Mardi Gras Shrimp Etouffee
In celebration of Mardi Gras Fat Tuesday, I usually make cajon/creole food for a dinner party with a few friends. Typically, this style of food starts with a roux. A roux is a mix of flour and fat used as a thickening agent. Traditionally roux is made using the stovetop burner. This is a long process, using a low to medium flame, with constant stirring so as not to burn the roux. A burned roux with flecks of black must be thrown out as it will not taste good when used in your final recipe. I have learned from Food Network's Alton Brown, that the roux can easily be made in the oven. The key in using the oven is that it provides a consistent even temperature with heat surrounding the skillet, yielding less chance for burning. It still requires a long cooking time, but the difference when using the oven is this is passive cooking. Stovetop time requires constant stirring attention. Whereas the oven version only requires stirring a few times over 45 minutes.
Process for Making Roux
Set the oven temperature to 350 degrees. Place 1/2 cup of vegetable oil or lard, and 1/2 cup of flour in a 10 or 12 inch cast iron skillet. Stir to combine. Once the oven comes up to temperature, place the skillet on the middle shelf of the oven. Bake uncovered for 45 minutes, stirring with a wooden spoon 3-4 times over the course of the cooking time. Once the roux has reached the desired color, using thick oven mitts, remove from the oven. The roux is now ready to use. A word of caution: the roux is extremely hot. Be very careful not to splash it on your skin.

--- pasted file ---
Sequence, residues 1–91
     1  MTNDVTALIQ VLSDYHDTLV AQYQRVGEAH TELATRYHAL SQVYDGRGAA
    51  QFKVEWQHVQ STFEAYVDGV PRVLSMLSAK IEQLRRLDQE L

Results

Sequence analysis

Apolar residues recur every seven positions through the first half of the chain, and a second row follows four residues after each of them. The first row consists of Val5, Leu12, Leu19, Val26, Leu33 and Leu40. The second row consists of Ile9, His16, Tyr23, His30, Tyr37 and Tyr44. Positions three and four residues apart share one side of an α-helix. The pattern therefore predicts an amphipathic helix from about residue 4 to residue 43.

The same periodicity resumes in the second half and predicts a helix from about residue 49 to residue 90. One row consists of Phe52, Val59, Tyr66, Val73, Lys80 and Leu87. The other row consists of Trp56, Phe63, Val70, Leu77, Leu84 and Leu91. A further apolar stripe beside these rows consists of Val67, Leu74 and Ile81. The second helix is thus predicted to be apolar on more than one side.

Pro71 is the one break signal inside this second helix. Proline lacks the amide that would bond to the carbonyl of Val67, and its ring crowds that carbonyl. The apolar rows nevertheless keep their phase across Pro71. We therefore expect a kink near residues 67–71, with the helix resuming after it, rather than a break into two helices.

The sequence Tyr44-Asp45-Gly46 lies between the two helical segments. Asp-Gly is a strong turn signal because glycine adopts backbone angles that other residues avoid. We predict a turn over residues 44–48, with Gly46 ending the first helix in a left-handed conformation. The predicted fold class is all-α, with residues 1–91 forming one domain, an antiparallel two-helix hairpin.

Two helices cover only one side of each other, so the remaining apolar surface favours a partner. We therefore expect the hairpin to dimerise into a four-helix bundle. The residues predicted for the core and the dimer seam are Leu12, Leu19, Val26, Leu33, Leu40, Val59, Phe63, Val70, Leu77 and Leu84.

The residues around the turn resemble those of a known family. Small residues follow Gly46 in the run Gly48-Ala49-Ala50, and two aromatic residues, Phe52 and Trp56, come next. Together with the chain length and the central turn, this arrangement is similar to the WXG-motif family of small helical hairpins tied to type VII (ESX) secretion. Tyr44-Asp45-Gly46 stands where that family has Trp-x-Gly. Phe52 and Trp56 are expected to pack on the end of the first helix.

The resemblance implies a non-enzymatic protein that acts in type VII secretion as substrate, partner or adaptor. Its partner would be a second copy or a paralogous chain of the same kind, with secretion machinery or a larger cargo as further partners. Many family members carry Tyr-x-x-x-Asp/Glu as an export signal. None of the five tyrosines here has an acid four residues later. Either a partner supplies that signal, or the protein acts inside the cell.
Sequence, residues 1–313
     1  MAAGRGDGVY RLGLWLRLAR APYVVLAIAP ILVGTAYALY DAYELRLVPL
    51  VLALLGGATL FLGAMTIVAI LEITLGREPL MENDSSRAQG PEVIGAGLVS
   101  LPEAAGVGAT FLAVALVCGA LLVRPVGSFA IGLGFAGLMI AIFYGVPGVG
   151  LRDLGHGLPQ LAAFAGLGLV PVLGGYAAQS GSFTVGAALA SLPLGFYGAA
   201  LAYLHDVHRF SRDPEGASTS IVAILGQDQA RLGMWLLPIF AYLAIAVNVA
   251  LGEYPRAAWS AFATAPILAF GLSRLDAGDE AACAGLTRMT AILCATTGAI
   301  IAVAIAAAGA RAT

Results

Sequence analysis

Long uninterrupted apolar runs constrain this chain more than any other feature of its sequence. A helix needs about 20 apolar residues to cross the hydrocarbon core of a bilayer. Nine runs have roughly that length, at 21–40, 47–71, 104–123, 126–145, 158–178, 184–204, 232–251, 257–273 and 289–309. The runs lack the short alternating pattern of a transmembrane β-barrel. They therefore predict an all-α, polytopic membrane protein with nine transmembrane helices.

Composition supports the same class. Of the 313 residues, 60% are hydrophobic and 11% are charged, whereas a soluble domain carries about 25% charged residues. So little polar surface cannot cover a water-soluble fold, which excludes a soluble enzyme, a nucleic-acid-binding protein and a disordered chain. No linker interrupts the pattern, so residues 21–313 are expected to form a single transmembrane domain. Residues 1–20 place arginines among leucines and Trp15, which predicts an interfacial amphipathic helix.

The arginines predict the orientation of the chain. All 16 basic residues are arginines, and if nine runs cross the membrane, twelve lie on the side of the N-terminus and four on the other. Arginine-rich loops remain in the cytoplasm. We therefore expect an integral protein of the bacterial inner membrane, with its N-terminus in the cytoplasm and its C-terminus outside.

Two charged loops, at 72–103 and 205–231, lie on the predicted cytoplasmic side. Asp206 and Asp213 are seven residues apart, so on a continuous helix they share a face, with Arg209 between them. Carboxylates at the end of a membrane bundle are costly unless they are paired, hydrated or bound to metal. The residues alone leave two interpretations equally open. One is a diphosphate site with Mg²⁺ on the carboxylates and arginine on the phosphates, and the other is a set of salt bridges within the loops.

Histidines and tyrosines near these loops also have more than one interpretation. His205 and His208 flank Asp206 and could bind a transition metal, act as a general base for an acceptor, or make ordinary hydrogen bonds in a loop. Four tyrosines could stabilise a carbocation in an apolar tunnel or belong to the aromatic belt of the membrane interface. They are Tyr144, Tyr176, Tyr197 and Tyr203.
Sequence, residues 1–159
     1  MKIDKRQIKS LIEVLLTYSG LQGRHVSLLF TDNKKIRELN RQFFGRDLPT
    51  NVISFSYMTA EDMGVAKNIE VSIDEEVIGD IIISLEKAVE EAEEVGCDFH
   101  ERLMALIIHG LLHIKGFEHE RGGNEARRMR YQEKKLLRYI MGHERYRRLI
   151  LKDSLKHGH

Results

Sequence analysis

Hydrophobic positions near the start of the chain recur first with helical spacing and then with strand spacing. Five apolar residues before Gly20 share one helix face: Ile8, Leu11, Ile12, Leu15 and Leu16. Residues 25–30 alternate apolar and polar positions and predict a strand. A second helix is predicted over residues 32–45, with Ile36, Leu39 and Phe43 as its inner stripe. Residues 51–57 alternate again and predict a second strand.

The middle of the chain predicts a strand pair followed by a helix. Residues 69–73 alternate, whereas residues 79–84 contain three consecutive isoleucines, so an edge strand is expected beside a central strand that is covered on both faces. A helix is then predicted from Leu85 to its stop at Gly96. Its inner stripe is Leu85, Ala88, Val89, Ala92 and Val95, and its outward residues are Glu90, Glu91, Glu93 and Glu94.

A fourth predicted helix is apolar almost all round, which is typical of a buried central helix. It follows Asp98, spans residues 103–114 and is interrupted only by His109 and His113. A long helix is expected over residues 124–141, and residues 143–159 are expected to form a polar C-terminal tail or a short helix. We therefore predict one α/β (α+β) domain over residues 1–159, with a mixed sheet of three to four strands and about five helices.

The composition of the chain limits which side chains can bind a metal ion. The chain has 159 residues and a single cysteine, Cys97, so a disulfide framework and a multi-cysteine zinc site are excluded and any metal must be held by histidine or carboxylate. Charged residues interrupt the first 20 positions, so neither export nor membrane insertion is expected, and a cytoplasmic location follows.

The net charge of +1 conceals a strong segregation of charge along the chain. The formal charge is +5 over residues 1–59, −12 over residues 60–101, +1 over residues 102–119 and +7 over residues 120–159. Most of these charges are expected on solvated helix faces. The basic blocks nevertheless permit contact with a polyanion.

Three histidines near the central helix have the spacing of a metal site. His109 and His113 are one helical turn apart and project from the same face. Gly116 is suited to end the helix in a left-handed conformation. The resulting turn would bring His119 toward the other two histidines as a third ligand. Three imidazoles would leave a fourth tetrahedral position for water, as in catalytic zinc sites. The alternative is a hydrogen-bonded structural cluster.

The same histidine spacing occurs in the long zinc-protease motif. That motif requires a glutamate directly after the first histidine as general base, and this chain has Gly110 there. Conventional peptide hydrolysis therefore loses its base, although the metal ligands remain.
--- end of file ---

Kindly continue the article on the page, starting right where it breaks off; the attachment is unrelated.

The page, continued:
Shown below are the various stages of color when preparing a roux. The darker the color, the more complex the flavor. Darker roux is used for heaver meats like duck or pork. Lighter roux is used when cooking shrimp or chicken.
White Roux - just after combining the flour and fat
Blond Roux - after 10 minutes of cooking
Peanut Butter Roux - after 30 minutes of cooking
Mahogany Roux - after 50 minutes of cooking
Roux can be used when making Gumbo or Etouffee.